May it please your Excellency,
This letter accompanies to you the Conquest of Canaan. It is the wish of the writer, that this poem may be published in England. For the accomplishment of this design, he becomes a suitor to your Excellency, for such assistance as may be necessary.
As an apology for this application, he could allege, that it was recommended to him by Col Wadsworth, who indeed offered him a letter of recommendation on the subject, that he has heard, from good authority, that your Excellency has invited an application of the same nature from Mr Trumbull, & expressed your wishes to see attempts of this kind made by your countrymen; that your Excellency is known to be generously partial to every effort of real genius made in America; that he has not a friend in England, to whom a design of this nature might be addressed; & that literary merit forms a species of claim, from necessity, to the fostering influence of eminent personages. But he is fearful that all these reasons would form an insufficient excuse. His genius & literary merit, he is aware, are at best but questionable. Perhaps the perusal even of a small part of this poem may reduce them below that standard, in your Excellency’s opinion. Should this unfortunately prove the event, he can only console himself with reflecting that the trial of his talents has been innocently made; & has only to request of your Excellency that this applicaton may be concealed from all men.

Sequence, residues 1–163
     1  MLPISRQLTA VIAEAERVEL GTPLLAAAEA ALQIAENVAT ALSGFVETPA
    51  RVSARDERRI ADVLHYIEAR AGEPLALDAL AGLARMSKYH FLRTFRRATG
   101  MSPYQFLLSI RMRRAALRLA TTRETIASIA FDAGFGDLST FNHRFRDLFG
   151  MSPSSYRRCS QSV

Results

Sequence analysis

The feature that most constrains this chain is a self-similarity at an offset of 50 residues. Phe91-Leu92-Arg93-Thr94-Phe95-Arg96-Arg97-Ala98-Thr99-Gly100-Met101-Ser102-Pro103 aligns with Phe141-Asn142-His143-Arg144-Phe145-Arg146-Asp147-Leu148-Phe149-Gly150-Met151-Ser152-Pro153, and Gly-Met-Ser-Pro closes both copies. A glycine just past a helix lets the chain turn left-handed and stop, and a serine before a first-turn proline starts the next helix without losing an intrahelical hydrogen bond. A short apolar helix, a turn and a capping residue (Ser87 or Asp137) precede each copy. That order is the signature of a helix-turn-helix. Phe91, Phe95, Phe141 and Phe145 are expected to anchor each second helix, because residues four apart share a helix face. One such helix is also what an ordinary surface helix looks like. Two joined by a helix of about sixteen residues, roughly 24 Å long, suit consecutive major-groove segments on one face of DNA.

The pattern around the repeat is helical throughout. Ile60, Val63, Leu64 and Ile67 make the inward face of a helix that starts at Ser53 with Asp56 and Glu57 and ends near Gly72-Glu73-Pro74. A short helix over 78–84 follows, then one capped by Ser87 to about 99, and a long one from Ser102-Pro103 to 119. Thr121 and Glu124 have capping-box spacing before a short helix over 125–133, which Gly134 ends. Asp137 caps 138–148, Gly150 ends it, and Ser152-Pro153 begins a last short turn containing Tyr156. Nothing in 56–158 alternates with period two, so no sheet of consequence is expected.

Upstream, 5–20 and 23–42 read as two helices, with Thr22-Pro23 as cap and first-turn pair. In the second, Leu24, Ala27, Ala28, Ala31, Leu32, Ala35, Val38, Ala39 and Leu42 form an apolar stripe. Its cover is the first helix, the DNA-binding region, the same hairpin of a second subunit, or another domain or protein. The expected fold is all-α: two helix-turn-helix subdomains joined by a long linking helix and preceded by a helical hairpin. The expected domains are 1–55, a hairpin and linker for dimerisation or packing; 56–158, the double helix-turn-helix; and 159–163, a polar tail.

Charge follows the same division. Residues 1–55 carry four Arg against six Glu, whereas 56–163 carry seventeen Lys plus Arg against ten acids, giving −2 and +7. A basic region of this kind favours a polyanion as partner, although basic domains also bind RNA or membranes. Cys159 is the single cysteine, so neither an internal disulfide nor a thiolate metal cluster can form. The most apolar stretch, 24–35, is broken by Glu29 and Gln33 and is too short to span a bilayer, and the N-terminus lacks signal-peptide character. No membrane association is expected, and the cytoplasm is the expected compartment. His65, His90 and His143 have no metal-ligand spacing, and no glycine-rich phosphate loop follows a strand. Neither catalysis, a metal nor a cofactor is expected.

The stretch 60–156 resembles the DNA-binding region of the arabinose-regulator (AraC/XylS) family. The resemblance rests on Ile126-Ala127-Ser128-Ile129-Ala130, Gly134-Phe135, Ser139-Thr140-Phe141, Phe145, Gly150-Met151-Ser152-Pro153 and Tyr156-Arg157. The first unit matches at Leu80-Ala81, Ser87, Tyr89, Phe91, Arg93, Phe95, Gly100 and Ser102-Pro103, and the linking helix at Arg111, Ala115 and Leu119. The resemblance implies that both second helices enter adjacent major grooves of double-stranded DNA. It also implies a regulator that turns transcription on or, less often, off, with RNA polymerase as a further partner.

If your Excellency should judge the work deserving of the public Eye, & not unworthy of that degree & kind of assistance, which may be necessary to introduce it, the writer hopes he shall not be guilty of impertinence in solliciting, that, if it can conveniently be accomplished, the publication may be made of pecuniary advantage to himself. He is sensible that, as the book is already published in America, any printer can obtain a copy; but no printer can obtain a correct one, or one in a reasonable degree correct. This circumstance, he imagines, would have weight with the purchaser, if exhibited in a manner resembling the annexed Advertisement; & might perhaps secure to the printer, who was enabled to avail himself of it, almost an exclusive sale.
If this article should by any circumstances be prevented, he would however wish the poem might be published, & that it might be published under such advantages, as might be fairly & easily obtained. But this, & every thing pertaining to the subject, he leaves to your Excellency, & is, with every sentiment of respect, your Excellency’s / very obedient, / & most humble servant,